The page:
Deficits are increasingly taking government stimulus away as well, as we saw in the UK U-turn.
What’s left to stimulate? Something of a viral interview with Mark Napier has been doing the rounds this week and the capex boom title of the article doesn’t really do it justice.
What he argues is the governments are increasingly turning to loan guarantees. By backing loans to the private sector, it leaves only contingent liabilities off the government balance sheet but allows them to leveraege massive amounts of money into the economy.
“Within the European Union since February 2020: Out of all the new loans in Germany, 40% are guaranteed by the government. In France, it’s 70% of all new loans, and in Italy it’s over 100%, because they migrate old maturing credit to new, government-guaranteed schemes. Just recently, Germany has come up with a huge new guarantee scheme to cover the effects of the energy crisis.”
The schemes run directly counter to the aim of central banks hiking rates. Higher rates restrain lending growth but government-backed loans spur more borrowing. It’s hitting the gas and the brakes at the same time.
He singles out the UK, eurozone and Japan as particularly bad actors.
Napier believes this will result in a paradigm of higher inflation as governments try to inflate away debt burdens. He also sees a boom in government-backed investment for homeshoring or friendshoring.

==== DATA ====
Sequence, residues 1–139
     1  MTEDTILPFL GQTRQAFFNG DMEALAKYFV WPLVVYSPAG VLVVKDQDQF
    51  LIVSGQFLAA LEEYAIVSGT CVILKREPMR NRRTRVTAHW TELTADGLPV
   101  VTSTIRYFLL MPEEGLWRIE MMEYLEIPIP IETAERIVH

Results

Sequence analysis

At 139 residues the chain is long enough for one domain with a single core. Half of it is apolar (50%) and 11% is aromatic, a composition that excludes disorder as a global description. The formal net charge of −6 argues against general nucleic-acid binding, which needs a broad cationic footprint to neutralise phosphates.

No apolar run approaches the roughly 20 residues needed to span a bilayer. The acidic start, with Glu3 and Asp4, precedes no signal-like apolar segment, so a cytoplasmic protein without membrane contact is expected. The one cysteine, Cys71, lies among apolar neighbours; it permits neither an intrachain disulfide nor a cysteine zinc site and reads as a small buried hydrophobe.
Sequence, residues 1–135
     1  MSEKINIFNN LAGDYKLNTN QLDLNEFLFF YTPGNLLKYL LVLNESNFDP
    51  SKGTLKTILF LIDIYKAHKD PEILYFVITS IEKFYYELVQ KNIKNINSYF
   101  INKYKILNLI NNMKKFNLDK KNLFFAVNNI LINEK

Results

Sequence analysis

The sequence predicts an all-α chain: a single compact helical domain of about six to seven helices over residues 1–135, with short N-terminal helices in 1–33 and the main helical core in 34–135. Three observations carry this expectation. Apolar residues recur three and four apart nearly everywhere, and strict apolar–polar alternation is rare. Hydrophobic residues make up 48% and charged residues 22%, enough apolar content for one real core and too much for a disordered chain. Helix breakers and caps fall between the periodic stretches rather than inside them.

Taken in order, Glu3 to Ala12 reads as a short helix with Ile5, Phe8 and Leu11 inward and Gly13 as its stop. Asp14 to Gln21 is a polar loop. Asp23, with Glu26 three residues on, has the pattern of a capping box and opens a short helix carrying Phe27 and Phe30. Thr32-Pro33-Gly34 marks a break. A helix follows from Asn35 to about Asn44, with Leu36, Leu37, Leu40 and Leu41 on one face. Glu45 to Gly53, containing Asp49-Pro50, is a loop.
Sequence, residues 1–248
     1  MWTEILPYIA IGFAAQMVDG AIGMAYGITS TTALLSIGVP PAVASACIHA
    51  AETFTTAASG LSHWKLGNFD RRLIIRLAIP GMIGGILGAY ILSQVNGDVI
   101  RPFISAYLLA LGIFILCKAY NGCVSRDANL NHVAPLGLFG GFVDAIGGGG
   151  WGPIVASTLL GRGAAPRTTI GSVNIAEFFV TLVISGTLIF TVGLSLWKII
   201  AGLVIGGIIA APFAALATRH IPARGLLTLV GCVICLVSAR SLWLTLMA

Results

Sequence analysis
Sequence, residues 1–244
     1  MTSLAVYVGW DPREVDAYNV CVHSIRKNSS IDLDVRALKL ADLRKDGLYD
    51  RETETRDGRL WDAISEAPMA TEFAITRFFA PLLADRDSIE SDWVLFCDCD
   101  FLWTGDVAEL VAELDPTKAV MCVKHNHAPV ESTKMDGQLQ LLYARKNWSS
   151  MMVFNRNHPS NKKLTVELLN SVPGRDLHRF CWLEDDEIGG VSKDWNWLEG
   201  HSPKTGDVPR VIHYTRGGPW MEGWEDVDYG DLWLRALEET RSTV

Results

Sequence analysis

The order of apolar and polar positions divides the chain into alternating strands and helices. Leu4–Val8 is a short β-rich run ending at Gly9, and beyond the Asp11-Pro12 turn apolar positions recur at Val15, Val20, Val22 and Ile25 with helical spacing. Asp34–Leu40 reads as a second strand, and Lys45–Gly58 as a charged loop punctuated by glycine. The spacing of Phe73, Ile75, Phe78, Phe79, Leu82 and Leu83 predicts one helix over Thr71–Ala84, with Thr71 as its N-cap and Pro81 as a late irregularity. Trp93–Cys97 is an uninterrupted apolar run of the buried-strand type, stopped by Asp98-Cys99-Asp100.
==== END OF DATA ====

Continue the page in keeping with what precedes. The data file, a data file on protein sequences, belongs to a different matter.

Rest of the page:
A good example might be the CHIPS Act in the US, which provides $52 billion in subsidies and loan guarantees for building semi-conductors in the United States. He believes we’ll see 15 years of government-directed investment.
What he worries is that those investments are misdirected, creating high spending but no lasting benefits.
“When the UK government did this in the 1950s and 60s, they allocated a lot of capital into coal mining, automobile production and the Concorde. It turned out that the UK didn’t have a future in any of those industries, so it was wasted and we ended up with high unemployment… First comes the seemingly benign part, which is driven by a boom in capital investment and high growth in nominal GDP. Many people will like that. Only much later, when we get high inflation and high unemployment, when the scale of misallocated capital manifests itself in a high misery index.”
For now, this is good news, he argues, and that there will be some big winners.
“The great problems we have – energy, climate change, defence, inequality, our dependence on production from China – will all be solved by massive investment.”
It’s an interesting framework and one to keep in mind.